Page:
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Four things we’ve learned about Long Covid

In the 10 months since COVID-19 entered the world stage, our knowledge of the disease has grown every single day. Latest figures state that over 34 million cases have been diagnosed around globally – with just over 23 million of those reported having recovered.

For some people, recovery hasn’t come after a few weeks of feeling mildly ill. And though they were infected months ago, they are still suffering from a wide variety of symptoms – many which aren’t related to the common indications we’ve been told to look out for today.

These people with “Long Covid” number in the tens of thousands in the UK and include Inside Science presenter Dr Adam Rutherford, who was diagnosed with the virus in mid-March but still feels its effects today. Over several weeks, Adam’s explored the science behind the phenomenon, speaking to experts and other “long-haulers” to find out more for Long Covid on BBC Radio 4.

In that time, writes Dr Alex Lathbridge, here are four things that we’ve learnt about the lasting effects of Covid-19.

Conceptual illustration of coronavirus spreading. Image source: Getty Images

It’s not all about the lungs

With notable symptoms being fatigue and shortness of breath, Covid-19 is primarily considered to be a respiratory illness. However, long-haulers are experiencing a wide variety of symptoms associated with multiple organs – ranging from problems with memory to gastrointestinal issues.

It’s not just the spectrum of symptoms – it’s also about understanding the root of it in the body. One common symptom described by long-haulers is “chest-heaviness”. Though its root cause might seem obvious as something lung-related, experts are not sure if this is a respiratory illness, a cardiovascular issue or if it’s muscular in origin.

There might be a storm brewing

For some patients with Covid-19, their immune systems can become their own worst enemy.

The immune system is incredibly complex, yet its main role is simple: protect the body. When it responds to a virus like SARS-CoV-2, immune cells communicate with one another using a type of small protein known as a cytokine. When the virus enters and damages the lungs, these messengers help co-ordinate the immune cells moving to the organ to engage the virus – leading to a small amount of inflammation in the area.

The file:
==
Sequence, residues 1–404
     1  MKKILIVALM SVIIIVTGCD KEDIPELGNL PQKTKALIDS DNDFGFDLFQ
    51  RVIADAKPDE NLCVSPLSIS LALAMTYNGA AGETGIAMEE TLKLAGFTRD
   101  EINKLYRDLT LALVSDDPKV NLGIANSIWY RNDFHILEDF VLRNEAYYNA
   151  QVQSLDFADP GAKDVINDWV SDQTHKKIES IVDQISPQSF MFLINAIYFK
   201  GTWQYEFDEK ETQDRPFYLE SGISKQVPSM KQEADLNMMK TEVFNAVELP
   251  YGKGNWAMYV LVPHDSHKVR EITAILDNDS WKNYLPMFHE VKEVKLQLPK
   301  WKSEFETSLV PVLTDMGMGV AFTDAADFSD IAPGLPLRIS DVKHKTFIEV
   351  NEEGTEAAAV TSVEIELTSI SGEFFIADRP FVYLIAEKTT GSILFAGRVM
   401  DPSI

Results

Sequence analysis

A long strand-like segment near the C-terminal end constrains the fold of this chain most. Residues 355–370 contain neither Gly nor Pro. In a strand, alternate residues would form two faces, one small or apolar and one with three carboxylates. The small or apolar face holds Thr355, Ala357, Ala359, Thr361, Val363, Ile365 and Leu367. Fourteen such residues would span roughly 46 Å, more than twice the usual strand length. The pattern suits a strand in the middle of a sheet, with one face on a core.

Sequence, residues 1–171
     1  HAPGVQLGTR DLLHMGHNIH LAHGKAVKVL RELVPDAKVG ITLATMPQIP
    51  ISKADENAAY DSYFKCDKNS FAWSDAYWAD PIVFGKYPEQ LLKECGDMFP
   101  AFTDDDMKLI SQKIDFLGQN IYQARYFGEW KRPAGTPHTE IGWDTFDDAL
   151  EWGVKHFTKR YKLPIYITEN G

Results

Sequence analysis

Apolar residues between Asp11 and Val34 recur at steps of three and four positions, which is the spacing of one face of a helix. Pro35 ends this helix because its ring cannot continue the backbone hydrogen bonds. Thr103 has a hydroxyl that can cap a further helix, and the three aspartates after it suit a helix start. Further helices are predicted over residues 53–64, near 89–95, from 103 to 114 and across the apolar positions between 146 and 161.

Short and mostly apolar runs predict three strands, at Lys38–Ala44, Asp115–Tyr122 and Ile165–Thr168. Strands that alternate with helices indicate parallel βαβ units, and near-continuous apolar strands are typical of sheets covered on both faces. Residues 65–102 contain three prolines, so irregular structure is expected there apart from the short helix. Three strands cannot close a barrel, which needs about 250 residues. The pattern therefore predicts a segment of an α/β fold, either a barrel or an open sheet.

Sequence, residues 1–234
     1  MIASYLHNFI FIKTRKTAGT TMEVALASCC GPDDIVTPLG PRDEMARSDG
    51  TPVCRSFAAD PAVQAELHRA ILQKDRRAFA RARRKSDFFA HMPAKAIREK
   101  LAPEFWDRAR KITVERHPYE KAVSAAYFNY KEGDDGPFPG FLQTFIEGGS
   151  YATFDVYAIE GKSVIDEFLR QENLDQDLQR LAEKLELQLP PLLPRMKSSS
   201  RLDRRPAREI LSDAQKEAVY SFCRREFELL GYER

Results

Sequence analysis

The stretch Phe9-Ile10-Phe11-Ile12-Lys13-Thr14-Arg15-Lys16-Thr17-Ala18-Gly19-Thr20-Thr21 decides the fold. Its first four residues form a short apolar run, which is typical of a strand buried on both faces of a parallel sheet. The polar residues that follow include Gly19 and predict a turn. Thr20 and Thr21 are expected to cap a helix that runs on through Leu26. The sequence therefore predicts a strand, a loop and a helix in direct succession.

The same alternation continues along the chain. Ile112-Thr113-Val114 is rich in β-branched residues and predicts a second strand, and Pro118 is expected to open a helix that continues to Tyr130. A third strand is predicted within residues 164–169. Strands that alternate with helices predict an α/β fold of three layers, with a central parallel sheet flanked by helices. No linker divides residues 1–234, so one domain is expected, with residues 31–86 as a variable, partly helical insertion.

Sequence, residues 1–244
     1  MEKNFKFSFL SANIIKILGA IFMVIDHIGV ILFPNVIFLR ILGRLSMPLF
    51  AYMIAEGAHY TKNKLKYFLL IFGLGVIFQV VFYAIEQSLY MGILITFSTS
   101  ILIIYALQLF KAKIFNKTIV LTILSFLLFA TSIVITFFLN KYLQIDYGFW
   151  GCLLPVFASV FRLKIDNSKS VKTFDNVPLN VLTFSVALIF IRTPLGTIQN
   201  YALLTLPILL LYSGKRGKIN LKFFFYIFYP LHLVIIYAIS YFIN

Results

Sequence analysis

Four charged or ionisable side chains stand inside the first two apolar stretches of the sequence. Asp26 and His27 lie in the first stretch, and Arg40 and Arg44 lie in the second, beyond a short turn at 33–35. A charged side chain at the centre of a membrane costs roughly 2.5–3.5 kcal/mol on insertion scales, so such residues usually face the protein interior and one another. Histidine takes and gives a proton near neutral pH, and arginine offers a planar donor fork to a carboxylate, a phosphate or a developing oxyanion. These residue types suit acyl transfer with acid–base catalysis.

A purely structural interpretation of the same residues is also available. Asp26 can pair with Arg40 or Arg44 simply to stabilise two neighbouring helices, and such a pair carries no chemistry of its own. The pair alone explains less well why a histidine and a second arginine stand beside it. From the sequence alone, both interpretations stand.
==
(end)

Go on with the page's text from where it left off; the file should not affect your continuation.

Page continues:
But it’s all about magnitude. If the immune system overreacts, immune cells are triggered to overproduce cytokines. These then signal the production of even more immune cells and positive-feedback cycle continues into something known as a “cytokine storm” (associated with Covid-19 and other outbreaks, like SARS, MERS, and “bird flu” – the H5N1 influenza virus). These messengers spill out into the bloodstream and the scale of the immune response can have fatal repercussions in the form of multi-organ failure.

If the immune system overreacts, immune cells are triggered to overproduce cytokines. These then signal the production of even more immune cells and positive-feedback cycle continues into something known as a “cytokine storm”

Some researchers think that cytokine storms might be one part of the puzzle in explaining some of the different experiences – why some people have relatively mild symptoms while others’ are more severe. But it’s not just the physical problems that patients are having to deal with...

It can get into your head

Mental health problems such as anxiety are common after viral infections like Covid-19, according to experts. Some researchers have been looking into the idea that many of these psychiatric and neurological conditions reported might be down to biology.

When cytokines are migrating through the bloodstream, they weaken the blood vessels (allowing them to enter your other organs). One of those is the blood-brain barrier – specialised cells lining the brain and spinal cord that prevent microbes and other agents from infecting the brain.

Considering that the brain has receptors on it that the virus binds to, there’s growing evidence that the virus directly damages the brain.

It’s not just the biology that’s impacting mental health. No matter if you’re watching TV, scrolling on your phone or listening to the radio, Covid-19 is on everyone’s lips. For people who’ve had the illness and are one of the “long-haulers”, this 24/7 reminder is just one of the things that can contribute to their anxiety. Combining this with anxieties about their symptoms, experiences of being hospitalised, and the fear of re-infection means that the mental impact of the disease will have to be treated seriously if a full recovery is to happen.

There’s still a long way to go…

We still lack many pieces required to solve the puzzle that is Covid-19. Though the science may still be in its infancy, healthcare systems are constantly adapting to the new challenges posed by the virus. Ways of remotely diagnosing people are being developed, with the idea that methods like self-reported questionnaires can aid doctors in directing people with suspected Covid-19 to the correct services.

Researchers now know that it’s time to expand how we look at the data around the outbreak. Constantly updating statistics of confirmed cases vs confirmed recoveries can miss the fine details of the ever-changing landscape. Now that we’re encountering more stories of those who’ve fallen through the statistical gap and haven’t fully recovered 6 months after being infected, how we tease the data apart will decide how countries across the globe fight against the disease.

You can find out more about the science by listening to Long Covid on Scientifically…

Dr Alex Lathbridge is a biochemist and computational biologist

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